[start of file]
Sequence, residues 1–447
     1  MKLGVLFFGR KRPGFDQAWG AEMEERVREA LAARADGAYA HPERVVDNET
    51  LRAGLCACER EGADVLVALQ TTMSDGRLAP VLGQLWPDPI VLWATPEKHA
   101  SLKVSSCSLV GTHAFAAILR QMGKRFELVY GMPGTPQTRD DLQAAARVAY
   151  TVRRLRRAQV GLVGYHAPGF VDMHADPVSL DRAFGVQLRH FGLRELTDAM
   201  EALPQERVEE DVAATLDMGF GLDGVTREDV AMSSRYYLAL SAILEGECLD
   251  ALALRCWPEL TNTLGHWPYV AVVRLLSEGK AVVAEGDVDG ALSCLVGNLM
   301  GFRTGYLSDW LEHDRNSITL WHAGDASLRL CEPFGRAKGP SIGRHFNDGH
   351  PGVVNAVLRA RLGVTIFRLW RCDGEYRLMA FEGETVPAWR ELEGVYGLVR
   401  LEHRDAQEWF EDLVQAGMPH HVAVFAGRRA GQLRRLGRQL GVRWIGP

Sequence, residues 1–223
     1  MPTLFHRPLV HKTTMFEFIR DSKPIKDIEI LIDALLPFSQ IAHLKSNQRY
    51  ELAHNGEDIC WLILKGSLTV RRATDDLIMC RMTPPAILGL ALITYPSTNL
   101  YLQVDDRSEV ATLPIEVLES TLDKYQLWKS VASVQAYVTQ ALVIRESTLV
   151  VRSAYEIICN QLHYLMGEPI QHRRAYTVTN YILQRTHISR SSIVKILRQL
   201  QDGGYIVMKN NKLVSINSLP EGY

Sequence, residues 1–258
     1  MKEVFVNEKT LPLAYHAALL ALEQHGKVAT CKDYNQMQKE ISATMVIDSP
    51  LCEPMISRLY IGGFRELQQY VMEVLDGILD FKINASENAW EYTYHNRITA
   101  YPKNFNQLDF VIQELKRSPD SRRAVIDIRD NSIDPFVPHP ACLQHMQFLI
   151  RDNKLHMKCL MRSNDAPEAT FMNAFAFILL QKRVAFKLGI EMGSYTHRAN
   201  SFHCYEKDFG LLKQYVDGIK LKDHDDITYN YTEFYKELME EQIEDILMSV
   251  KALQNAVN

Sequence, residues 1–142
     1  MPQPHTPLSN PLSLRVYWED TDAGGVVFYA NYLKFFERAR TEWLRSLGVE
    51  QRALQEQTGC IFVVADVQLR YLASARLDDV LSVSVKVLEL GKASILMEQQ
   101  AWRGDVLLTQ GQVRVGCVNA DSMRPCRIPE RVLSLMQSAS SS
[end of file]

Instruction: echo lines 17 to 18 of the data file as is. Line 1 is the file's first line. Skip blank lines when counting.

Sequence, residues 1–258
     1  MKEVFVNEKT LPLAYHAALL ALEQHGKVAT CKDYNQMQKE ISATMVIDSP